Schizophrenics in Church Communities
In fact it is not uncommon for people with schizophrenia to be attracted to join church communities. Usually this presents no real problems but sometimes disturbed behaviour will become a real challenge for the congregation and church leaders alike. The person may attempt to preach or chastise members of the congregation or become otherwise disruptive. This presents the community with a real problem. How do they continue to offer help and support to someone who is clearly very ill and in need of help whilst at the same time maintaining the dignity of their place and practice of worship? Members of the clergy rarely have any training in mental health and often struggle to cope with this issue.
This Information Sheet deals specifically with the phenomenon of religious delusions in schizophrenia: a phenomenon that can cause people with schizophrenia enormous suffering. But if religious delusions are a bad thing generally for people suffering with schizophrenia what about religion in general? Is it good or bad for people living with schizophrenia? In fact there is now a considerable weight of evidence that points to religious and spiritual belief as being a broadly protective and positive factor for people living with schizophrenia and we deal with that subject in our Information Sheet.
What can be done about religious delusions?
Like most of the other delusions and hallucinations that people suffering from schizophrenia experience, the mainstay for treatment in the NHS today is medication with one of the antipsychotic medicines. These are effective in relieving the symptoms in around 70% of people who take them. There are however a number of different antipsychotics available to the doctors and finding the right drug for the particular person can often take some time and considerable patience. Talking treatments such as counselling and psychotherapy will also help and there is now an increasing recognition of their efficacy within the mental health field.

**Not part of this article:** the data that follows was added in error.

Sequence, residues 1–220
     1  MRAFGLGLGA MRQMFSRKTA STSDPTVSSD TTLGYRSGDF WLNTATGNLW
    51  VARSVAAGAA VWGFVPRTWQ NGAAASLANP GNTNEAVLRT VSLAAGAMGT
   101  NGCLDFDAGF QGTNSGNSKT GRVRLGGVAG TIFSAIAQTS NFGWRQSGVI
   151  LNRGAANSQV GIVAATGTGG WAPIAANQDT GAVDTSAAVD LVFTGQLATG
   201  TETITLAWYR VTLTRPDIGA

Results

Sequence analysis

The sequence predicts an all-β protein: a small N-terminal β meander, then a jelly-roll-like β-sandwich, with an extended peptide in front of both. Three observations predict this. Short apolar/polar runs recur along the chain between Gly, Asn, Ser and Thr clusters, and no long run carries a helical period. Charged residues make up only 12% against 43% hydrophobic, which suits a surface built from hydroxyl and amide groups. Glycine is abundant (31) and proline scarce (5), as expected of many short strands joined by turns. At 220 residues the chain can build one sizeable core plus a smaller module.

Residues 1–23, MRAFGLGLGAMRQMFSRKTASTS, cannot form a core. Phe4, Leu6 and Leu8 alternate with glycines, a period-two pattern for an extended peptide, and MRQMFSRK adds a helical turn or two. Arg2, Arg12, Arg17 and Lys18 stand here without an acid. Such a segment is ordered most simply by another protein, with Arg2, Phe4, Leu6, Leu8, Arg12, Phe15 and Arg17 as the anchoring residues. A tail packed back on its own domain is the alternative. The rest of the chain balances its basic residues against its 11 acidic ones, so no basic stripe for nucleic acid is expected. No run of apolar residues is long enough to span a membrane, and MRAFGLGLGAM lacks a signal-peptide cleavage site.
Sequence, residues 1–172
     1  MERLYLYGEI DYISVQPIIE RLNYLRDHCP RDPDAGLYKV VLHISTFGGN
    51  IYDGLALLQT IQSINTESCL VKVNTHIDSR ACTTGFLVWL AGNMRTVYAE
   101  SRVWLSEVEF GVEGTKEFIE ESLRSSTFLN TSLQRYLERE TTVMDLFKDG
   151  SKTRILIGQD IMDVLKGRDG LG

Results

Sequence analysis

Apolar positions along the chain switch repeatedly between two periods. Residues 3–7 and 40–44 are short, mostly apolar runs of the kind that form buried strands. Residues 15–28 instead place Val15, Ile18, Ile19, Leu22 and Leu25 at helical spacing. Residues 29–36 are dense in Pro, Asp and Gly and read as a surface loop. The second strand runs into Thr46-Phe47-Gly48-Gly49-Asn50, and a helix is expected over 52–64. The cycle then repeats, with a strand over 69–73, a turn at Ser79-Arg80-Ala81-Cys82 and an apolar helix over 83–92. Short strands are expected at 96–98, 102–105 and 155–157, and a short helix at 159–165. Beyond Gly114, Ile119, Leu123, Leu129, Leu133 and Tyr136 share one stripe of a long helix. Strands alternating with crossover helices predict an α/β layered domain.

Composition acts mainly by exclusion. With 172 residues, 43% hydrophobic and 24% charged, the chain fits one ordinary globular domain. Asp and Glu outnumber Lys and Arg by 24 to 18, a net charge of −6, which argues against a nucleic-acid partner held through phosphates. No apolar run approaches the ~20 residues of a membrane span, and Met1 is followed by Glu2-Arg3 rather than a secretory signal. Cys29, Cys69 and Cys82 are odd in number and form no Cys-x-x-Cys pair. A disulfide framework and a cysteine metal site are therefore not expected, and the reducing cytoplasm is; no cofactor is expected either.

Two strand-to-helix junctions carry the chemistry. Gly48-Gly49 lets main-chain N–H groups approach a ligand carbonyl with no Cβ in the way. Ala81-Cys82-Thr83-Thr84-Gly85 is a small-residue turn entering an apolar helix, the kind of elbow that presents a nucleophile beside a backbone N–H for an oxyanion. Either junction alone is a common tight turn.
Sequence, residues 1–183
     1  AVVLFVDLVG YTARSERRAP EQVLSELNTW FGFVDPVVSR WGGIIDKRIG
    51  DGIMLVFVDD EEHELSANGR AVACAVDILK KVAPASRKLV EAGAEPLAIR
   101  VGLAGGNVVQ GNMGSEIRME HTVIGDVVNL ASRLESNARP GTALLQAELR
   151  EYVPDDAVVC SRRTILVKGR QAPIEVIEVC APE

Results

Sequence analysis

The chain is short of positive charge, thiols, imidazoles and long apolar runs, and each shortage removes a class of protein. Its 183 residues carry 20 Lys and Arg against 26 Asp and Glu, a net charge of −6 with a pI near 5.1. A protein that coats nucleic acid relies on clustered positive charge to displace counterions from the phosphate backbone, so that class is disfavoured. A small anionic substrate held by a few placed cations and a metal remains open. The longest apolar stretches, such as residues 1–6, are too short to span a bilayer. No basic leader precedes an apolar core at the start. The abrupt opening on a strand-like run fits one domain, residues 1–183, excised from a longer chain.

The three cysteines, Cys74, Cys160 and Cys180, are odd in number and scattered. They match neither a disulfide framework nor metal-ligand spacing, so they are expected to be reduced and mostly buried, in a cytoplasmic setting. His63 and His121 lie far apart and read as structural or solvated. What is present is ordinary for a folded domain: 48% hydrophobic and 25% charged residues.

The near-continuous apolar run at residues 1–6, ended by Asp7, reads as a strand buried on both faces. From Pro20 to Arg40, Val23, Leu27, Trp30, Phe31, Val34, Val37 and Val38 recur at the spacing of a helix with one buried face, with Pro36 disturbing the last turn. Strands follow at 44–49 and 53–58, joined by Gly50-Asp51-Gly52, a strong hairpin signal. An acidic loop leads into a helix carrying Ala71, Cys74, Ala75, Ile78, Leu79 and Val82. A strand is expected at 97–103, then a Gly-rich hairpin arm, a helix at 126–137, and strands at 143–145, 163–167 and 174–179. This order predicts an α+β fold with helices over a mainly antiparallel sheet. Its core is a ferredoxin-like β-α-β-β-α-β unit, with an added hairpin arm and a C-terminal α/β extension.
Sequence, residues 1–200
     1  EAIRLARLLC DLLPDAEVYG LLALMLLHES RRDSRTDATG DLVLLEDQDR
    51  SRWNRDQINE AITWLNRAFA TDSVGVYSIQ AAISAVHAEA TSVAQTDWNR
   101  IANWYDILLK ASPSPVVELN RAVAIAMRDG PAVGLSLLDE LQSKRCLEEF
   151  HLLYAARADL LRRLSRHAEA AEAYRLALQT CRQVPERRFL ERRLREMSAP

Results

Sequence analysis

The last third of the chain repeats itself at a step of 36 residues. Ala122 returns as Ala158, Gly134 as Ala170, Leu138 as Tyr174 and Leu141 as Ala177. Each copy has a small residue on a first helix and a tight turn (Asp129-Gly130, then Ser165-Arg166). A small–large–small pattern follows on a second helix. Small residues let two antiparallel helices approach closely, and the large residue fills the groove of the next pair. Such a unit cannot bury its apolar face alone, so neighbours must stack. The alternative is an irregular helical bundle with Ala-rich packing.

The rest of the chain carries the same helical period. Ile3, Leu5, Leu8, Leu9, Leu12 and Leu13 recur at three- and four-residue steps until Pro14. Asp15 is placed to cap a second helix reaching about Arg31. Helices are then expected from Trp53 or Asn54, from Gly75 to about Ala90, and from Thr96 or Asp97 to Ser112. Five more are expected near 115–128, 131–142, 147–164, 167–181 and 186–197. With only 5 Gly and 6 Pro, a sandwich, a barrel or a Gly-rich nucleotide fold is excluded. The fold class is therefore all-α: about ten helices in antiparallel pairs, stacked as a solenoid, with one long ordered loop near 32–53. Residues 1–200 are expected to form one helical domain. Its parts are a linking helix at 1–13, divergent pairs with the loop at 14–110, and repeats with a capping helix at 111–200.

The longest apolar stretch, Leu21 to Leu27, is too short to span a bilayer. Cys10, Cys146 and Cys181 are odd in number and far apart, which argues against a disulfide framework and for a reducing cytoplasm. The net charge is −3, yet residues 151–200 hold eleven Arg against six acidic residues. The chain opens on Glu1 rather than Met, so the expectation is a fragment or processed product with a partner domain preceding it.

However, the relief of the symptoms is usually only a part of the recovery process. For someone who has suffered from religiosity, which was so very convincing whilst they were in the middle of their psychotic haze, the process of sorting out the delusional thinking around religion from the more rational can be a long and difficult process of self-discovery. To return to a more sane structure of religious beliefs and values following a period of intense religiously-based irrational thinking is extremely difficult. It often takes many years for the person to work this through and to finally come to an arrangement with their maker that reflects more common approaches to religious belief. At this point the clergy and church leaders can play a vital role with guidance and support.
1. Torrey EF, 2013, Surving Schizophrenia, Harper Perennial, P327.
2. Howe G, 1991, The Reality of Schizophrenia, Faber and Faber, p32.
3. Author’s personal experiences.
4. Mohr S and Huguelet P, 2004, The relationship between schizophrenia and religions and its implications for care, published in Swiss Medical Weekly.
5. Rudaleviciene P, Stompe T, Narbekovas A, Raskauskiene N, Bunevicius R, 2008, Are religious delusions related to religiosity in schizophrenia?, published in Medicina.
6. Frith C, Johnstone E, 2003, Schizophrenia, Oxford University Press.
7. Watkins J, Living with Schizophrenia, Hill of Content.
8. Krzystanek M, Krysta K, Klasik A, krupka-Matuszczyk I, 2012, Religious content of hallucinations in paranoid schizophrenia, published in Psychiatria Danubina.
9. This is Cornwall, www.westbriton.co.uk posted 13 January 2009.
Copyright © November 2016 LWS CIC.